– Contrary to reports elsewhere, the world did not end on Dec. 21, 2012.

But you might swear it’s coming soon if you’d seen big Timberwolves center Nikola Pekovic make not one, but two shots from distance in Wednesday’s 106-99 comeback victory over Philadelphia.

“The Mayans might have been wrong,” teammate Kevin Love said afterward. “Who knows what’s next?”

The planet did seem to turn just a bit cockeyed Wednesday after Pekovic received a first-quarter pass from Ricky Rubio away from the basket. He held the ball for a moment, looked back to Rubio and then down underneath toward Love only to see Philadelphia center Spencer Hawes drifting away from him toward Love.

Left all alone and with no better options, Pekovic launched a 17-foot shot from the free-throw line elbow that hit only net.

In the fourth quarter, he did the same, only on a shorter shot near the baseline in the midst of a decisive 10-0 run that punctuated the Wolves’ comeback from a 19-point, first-quarter deficit.

Pekovic scored six of those 10 points on his way to a 20-point, 10-rebound night. The other four points came on a layup and a put-back tip-in, just like most of his points are scored: within four feet of the basket.

But those two from distance Wednesday almost looked like jump shots, didn’t they?

“Oh yeah,” Pekovic said. “You saw that?”

So just where did they come from?

“That?” Pekovic replied. “It come from me, of course. I’m working on that almost every day.”

Wolves teammates and coaches will attest: They indeed have seen Pekovic take — and make — such shots in practice.

“He hit like a 17-footer, that was pretty cool to see,” said Wolves rookie Robbie Hummel, who was on the floor for almost all of a fourth quarter in which the Wolves won a game they once seemed determined to lose. “He’s pretty skilled. You don’t see it very often, but he can do that. I’ve seen him make that in practice plenty of times.”

Then Hummel in the next minute revised himself.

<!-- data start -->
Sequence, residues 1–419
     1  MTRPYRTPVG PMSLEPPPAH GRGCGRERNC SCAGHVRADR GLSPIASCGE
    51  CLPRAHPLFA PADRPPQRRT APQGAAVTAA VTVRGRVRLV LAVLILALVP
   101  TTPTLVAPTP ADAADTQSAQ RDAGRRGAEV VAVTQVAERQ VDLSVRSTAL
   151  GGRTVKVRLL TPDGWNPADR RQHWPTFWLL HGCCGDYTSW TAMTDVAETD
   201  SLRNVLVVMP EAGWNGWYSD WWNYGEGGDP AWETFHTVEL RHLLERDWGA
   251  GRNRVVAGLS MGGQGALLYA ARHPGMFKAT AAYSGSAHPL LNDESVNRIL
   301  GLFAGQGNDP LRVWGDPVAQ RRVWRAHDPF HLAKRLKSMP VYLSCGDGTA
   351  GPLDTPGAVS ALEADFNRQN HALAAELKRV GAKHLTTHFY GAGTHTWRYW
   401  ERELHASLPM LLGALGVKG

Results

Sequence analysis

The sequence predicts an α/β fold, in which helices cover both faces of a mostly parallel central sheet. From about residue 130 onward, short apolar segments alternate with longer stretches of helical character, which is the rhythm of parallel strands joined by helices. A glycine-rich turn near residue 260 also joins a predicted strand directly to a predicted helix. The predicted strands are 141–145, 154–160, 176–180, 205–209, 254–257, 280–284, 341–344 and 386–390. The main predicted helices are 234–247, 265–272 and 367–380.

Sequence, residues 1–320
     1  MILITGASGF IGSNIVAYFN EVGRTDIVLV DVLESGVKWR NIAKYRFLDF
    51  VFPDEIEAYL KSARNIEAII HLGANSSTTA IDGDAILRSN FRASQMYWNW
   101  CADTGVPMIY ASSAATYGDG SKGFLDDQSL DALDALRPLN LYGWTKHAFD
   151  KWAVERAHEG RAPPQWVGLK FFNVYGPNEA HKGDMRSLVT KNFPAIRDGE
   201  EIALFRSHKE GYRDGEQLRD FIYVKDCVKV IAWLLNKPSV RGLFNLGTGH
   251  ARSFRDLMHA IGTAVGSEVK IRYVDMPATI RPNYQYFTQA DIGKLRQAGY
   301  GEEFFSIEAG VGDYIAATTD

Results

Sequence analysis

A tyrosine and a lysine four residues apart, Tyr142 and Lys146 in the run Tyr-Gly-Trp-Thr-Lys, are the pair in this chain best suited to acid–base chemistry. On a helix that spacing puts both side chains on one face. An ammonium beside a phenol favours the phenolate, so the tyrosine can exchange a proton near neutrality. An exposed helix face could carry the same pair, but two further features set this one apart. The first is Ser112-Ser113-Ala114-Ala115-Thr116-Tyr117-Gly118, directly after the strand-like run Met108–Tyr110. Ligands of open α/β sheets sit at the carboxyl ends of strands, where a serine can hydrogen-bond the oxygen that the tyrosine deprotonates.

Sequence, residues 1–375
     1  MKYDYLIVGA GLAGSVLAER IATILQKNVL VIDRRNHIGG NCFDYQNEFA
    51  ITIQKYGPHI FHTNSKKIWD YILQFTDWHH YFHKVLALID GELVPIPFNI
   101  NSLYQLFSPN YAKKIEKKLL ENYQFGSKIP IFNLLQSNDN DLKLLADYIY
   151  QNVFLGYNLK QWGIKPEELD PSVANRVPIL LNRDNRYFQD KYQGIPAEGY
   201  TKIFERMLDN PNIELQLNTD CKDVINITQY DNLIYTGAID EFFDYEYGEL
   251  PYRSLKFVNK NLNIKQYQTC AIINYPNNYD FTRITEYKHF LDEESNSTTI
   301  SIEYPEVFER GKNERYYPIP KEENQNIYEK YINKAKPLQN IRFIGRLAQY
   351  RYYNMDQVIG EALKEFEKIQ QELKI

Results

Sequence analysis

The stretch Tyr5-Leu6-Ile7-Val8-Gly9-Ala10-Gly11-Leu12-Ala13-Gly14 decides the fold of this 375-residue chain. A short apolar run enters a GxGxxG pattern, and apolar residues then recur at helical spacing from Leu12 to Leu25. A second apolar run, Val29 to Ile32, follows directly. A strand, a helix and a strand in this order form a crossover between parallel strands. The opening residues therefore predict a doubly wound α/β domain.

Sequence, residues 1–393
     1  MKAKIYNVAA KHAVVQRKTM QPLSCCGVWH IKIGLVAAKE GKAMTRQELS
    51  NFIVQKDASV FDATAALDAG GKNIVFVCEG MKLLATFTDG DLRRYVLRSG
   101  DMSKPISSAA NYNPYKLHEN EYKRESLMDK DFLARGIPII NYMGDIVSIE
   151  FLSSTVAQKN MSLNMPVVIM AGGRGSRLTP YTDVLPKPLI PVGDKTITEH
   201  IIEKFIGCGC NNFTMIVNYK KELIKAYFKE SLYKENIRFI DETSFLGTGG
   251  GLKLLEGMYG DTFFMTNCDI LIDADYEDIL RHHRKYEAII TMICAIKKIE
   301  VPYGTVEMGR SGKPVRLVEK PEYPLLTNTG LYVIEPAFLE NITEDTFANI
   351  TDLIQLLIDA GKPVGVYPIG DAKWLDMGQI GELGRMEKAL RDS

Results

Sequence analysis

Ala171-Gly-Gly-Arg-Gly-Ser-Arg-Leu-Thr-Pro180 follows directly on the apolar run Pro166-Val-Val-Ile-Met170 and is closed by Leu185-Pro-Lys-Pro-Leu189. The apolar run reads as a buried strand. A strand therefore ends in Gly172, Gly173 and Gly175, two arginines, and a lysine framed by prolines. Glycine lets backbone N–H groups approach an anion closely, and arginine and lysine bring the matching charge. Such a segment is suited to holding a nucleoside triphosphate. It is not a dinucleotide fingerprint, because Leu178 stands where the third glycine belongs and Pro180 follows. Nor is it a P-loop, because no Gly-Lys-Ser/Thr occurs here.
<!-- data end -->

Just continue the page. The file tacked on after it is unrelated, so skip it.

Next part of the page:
“I’ve seen him make that a couple of times,” Hummel said. “I know he can do it.”

Late last season, Wolves coach Rick Adelman discussed how Pekovic must expand his game beyond all those layups and put-backs that so appeal to his physical nature, if only to spread the floor better for his teammates and lessen the pounding he takes nightly.

Adelman was asked about the subject again after Wednesday’s game.

“He can make that shot,” Adelman said. “You don’t see him shoot it. But you see him work out, he can make a 15-foot jumper facing the basket. He just never looks for it. I just think that evolution is going to come. He’s a good free-throw shooter, and he can make that shot.”

Pekovic is averaging 16 points a game — third on the team behind the two Kevins, Love and Martin — on 52.2 percent shooting. That’s by far the best on the team — Dante Cunningham is a distant second, at 45.4 percent — but only 19th in the league.

“You know Pek: He loves the paint and inside,” Wolves point guard Ricky Rubio said. “It’s hard to get him out of the paint, but we have to spread the floor, and he has been practicing that. If he extend his shot outside the paint, it will make him even tougher to guard. If he makes all his low post and scoop shots that he’s taking, I mean why go outside? But if he expand his game, he’ll be an even better player and that’s going to help.”

Pekovic said he works on his jump shot daily, even if he might not use it in games even monthly.

“I just don’t use it,” he said. “Sometimes, I use. That’s my secret weapon.”

He never has attempted a three-point shot in his four-year NBA career, not even at the end of a quarter or 24-second shot clock. He shakes his head sideways and says, “That’s not me,” when asked if one will ever be forthcoming.

When asked about Pekovic possibly taking and making a three-point shot, Love mentioned nothing about Mayans.

“Don’t get too carried away,” Love said.